Device: Novel ambulatory patch (ZIO® XT Patch)
All enrolled patients will be fitted with a novel ambulatory patch (ZIO® XT Patch)
Biological: BNP and hs-troponin I at 0 and 3 hours post ED attendance
All patients will have quantification of hs-troponin I (ARCHITECTSTAT high-sensitivity troponin I assay) and BNP (ALERE TRIAGE point-of-care BNP test; ALERE, San Diego, USA; www.alere.co.uk) at 0 and 3 hours post ED attendance.
- Number of Ambulatory Patch Monitor Participants Having Significant Symptomatic Arrhythmia [ Time Frame: 90 days ]
Significant arrhythmia will be defined as:
- Non-symptomatic ventricular tachycardia < 30 seconds,
- Symptomatic sinus bradycardia < 60 beats/minute (but >40 or less than 30 seconds),
- Asymptomatic sinus bradycardia < 40 beats/minute,
- Sick sinus syndrome with alternating sinus bradycardia and tachycardia,
- Sinus pause > 3 seconds (but less than 6 seconds),
- Symptomatic Mobitz type I atrioventricular heart block,
- Junctional/idioventricular rhythm,
- Symptomatic supraventricular tachycardia with rate > 100/minute,
- Symptomatic atrial flutter/fibrillation with ventricular rate >100/min,
- Symptomatic atrial flutter/fibrillation with ventricular rate <60/min
Arrhythmias will also be defined as symptomatic (i.e. concurrent light-headedness/dizziness, syncope/presyncope with arrhythmia) or asymptomatic.
- Median Time to Detection of Significant Symptomatic Arrhythmia [ Time Frame: 90 days ]Median time to detection of significant symptomatic arrhythmia by ambulatory patch monitor
- Number of Participants With Arrhythmia [ Time Frame: 90 days ]Prevalence of arrhythmia including serious significant arrhythmia, significant arrhythmia and symptomatic arrhythmia in ED syncope patients unexplained after ED evaluation.
- Number of Participants Who Agreed or Strongly Agreed That the Patch Monitor Was Easy to Use. [ Time Frame: 90 days ]Number of participants who agreed or strongly agreed that the patch monitor was easy to use. Patient patch satisfaction (postal questionnaire).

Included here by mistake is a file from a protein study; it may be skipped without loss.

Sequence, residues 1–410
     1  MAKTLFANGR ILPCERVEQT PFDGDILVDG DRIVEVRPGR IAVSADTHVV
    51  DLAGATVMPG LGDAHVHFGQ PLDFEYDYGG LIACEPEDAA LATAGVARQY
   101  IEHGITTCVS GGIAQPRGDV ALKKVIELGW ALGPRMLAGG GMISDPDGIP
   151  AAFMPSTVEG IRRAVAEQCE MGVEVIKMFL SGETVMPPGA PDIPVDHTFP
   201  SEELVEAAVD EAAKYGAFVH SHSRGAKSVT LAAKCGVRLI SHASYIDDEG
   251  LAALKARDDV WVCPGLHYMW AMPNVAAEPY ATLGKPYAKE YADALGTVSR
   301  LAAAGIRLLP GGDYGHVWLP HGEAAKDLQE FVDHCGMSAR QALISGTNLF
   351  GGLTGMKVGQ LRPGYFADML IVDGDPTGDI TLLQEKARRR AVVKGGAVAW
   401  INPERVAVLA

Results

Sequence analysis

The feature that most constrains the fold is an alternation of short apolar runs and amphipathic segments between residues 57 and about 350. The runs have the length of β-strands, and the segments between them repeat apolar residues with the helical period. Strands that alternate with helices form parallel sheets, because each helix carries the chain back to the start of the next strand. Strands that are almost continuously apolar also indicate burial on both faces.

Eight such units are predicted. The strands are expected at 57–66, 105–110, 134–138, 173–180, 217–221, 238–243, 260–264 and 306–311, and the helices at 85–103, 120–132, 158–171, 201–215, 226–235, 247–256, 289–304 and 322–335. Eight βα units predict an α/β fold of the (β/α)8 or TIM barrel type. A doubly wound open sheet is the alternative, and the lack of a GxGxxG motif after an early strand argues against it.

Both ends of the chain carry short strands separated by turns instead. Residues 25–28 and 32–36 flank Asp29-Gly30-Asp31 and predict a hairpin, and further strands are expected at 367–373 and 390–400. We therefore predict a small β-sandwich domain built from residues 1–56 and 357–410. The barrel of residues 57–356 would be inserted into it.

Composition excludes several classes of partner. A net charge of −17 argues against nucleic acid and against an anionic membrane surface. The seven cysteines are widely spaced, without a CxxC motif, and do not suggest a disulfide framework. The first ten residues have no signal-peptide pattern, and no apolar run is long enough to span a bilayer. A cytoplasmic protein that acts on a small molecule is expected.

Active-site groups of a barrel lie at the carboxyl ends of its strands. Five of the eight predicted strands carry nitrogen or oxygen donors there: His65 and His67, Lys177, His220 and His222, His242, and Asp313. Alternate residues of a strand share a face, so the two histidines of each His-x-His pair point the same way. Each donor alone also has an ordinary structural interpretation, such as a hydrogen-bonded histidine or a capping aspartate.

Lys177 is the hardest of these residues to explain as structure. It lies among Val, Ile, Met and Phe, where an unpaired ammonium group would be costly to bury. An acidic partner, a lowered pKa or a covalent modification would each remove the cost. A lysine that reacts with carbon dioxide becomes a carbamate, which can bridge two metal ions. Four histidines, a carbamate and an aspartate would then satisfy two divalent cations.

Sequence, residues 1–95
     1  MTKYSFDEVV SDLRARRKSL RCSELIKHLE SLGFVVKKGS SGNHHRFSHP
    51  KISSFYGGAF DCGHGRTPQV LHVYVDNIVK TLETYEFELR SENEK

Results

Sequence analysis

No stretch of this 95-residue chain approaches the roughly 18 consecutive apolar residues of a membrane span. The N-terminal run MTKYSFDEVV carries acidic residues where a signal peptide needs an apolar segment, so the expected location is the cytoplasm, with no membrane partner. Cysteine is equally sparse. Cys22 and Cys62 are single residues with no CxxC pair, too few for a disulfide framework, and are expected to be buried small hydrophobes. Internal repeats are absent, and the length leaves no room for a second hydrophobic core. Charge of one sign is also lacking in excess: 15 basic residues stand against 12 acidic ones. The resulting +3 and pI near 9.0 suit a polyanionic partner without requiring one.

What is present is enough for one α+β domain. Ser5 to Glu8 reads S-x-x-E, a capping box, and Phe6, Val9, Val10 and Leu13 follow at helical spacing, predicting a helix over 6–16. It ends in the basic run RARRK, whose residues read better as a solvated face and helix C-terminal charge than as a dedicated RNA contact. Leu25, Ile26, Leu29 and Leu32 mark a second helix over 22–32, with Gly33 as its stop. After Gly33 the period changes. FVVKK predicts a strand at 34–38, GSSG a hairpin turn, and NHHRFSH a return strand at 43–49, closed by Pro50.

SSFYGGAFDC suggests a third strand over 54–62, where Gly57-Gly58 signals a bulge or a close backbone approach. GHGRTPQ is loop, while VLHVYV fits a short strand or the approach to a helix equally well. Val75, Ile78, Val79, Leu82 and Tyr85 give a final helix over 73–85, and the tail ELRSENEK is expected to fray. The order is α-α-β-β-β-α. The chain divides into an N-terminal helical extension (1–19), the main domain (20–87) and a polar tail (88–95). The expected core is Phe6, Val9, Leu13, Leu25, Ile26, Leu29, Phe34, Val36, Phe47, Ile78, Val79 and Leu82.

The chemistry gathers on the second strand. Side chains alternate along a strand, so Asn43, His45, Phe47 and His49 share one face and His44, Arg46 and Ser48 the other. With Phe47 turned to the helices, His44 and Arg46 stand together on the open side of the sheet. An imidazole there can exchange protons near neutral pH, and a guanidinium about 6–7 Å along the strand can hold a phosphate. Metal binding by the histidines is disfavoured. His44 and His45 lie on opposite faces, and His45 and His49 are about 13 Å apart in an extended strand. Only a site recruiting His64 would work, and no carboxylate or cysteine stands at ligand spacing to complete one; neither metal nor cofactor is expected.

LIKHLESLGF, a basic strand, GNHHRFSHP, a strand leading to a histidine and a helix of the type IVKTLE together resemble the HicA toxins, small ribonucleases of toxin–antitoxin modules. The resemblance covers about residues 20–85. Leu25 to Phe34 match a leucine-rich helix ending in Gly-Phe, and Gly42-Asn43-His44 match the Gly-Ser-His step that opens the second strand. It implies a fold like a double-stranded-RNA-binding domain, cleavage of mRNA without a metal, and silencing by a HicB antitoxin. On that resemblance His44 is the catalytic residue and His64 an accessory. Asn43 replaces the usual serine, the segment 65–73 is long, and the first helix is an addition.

- Median Device Wear Time [ Time Frame: 14 days ]Patch compliance described by median device wear time
- Number of Participants With Significant Arrhythmia Requiring Referral. [ Time Frame: 90 days ]Number of participants with significant underlying arrhythmic pathology on ambulatory patch monitoring requiring referral.
- Number of Participants With All Cause Serious Outcome [ Time Frame: 90 days ]
All cause serious outcome will be a composite of:
- All cause death,
Major adverse cardiac events [MACE]
- Myocardial infarction ,
- Significant arrhythmia ,
- Significant Structural Heart Disease ,
- Positive Electrophysiology Study Findings 
- Permanent pacemaker or defibrillator placement,
- Coronary artery bypass graft or coronary artery stent,
- Cardiac valve surgery,
- Elective cardioversion in the absence of objective evidence that tachyarrhythmia is responsible for the syncope,
- Balloon-pump insertion,
- Heart transplant,
- Initiation of anti-arrhythmia medical therapy,
- Ventricular assist device
To learn more about this study, you or your doctor may contact the study research staff using the contact information provided by the sponsor.
Please refer to this study by its ClinicalTrials.gov identifier (NCT number): NCT02683174
|Royal Infirmary of Edinburgh|
|Edinburgh, Midlothian, United Kingdom, EH16 4SA|
|Principal Investigator:||Matthew J Reed, MA FCEM MD||NHS Lothian|